TCEC: The site launched the 'Cup 10' event, using a 32-engine knockout format. • CCC: In the 'CCC17 Bullet Finals' Stockfish beat Dragon. The site is currently preparing the 'CCC17 Blitz Qualification' event, the first stage in the next multi-stage competition.

Given that Stockfish is the undisputed no.1 in the universe of chess engines, the last few posts have all tackled the issue of no.2:-

Back to the question 'Dragon, LCZero - Who's Better?'

Let's look at what happened during the month since the previous report.

TCEC: In 'Cup 10', Stockfish beat LCZero +4-2=4 in a semifinal match, then beat KomodoDragon +2-1=9 in the final match. LCZero beat Revenge +5-1=4 in the match for third place. Less than a week after 'Cup 10', the site launched 'Swiss 3' with 48 engines competing over 11 rounds. The event is currrently in the seventh round and should finish early in July.

For the final post on the TCEC's previous Swiss event, see KomodoDragon Wins TCEC Swiss 2; CCC16 Bullet Semifinals Underway (December 2021). Will KomodoDragon repeat its success? It is currently trailing tournament leader Stockfish by 1.5 points, with both engines still to play their seventh round matches.

CCC: In the 'CCC17 Blitz' event, the three engines that promoted from the 8-engine Qualification stage all finished in the bottom half of the 12-engine Main stage. Of the six engines that promoted from the Main stage, Stockfish, Dragon, and Lc0 finished in that order, well ahead of the other three engines.

The same pattern is holding for the Semifinal stage, with Dragon and Lc0 tied for second/third place. If they hold those places, they will meet in a 480-game Challenger match to decide which engine meets Stockfish in the match for the 480-game Final stage. The Semifinal finishes in a few days.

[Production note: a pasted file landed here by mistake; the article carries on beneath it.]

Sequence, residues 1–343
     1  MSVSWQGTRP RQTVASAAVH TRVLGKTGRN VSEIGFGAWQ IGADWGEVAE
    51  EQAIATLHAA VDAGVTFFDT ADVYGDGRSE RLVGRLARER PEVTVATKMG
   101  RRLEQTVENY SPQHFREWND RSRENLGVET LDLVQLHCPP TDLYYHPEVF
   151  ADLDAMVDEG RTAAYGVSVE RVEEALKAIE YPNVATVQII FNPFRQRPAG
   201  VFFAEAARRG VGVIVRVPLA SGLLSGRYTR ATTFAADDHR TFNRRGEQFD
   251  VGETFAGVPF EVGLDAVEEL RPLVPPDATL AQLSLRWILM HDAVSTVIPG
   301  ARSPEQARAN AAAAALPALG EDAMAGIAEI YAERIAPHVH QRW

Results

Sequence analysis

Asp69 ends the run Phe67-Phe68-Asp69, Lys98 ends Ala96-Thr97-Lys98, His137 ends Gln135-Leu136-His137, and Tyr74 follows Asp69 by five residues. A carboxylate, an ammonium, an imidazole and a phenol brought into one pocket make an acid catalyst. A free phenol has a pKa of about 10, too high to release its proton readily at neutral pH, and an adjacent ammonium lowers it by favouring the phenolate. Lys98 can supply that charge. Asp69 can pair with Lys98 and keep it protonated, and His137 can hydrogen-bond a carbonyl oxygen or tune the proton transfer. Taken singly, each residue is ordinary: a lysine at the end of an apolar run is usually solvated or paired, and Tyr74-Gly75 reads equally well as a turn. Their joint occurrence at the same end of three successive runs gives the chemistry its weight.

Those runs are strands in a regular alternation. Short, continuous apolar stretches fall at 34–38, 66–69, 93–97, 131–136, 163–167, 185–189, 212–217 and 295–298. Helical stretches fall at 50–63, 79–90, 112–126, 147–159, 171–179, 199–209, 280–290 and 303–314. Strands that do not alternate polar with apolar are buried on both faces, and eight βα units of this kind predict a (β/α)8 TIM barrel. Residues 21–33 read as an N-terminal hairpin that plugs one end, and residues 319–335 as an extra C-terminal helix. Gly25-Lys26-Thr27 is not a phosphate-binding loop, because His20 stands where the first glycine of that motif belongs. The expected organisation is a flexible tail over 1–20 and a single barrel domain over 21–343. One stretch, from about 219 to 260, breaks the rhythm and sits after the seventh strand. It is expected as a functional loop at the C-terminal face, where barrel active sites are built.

[For further information from the various stakeholders in the engine-to-engine events, see the tab 'TCEC/CCC Links' at the top of this page. • NB: Leela = LC0 = LCzero; Dragon = KomodoDragon]

19 June 2022

Caissartistic License

For this month's Flickr Favorite, I had two photos on the short list, neither of which I understood. Since I couldn't choose between them, I decided to use both.

Left: A Deeper Form of Chess, 2017 by Sanford Biggers © Flickr user Peter E under Creative Commons.
Right: Robots Playing Chess © Flickr user Joe Shlabotnik under Creative Commons.

The description of the photo on the left said,

Medium/Technique: Found quilt and assorted textiles, polystyrene, aqua resin, and tar [...] Description: Work is formed of two pieces: a found antique pieced quilt hanging behind a life size figural sculpture, painted with tar and patches of found quilt. When the sculpture is placed in alignment with the hanging quilt it creates an impression of intersection and blending as the quilt segments align.

What does that mean? Pass. It definitely looks like it has something to do with chess.

The description of the photo on the right said,

In a store at the Grand Canal Shoppes at the Venetian.

That has nothing to do with the Grand Canal in Venice, Italy. It has everything to do with Las Vegas, Nevada. What I didn't understand about the photo: How do the robots move the pieces? Their arms are too short.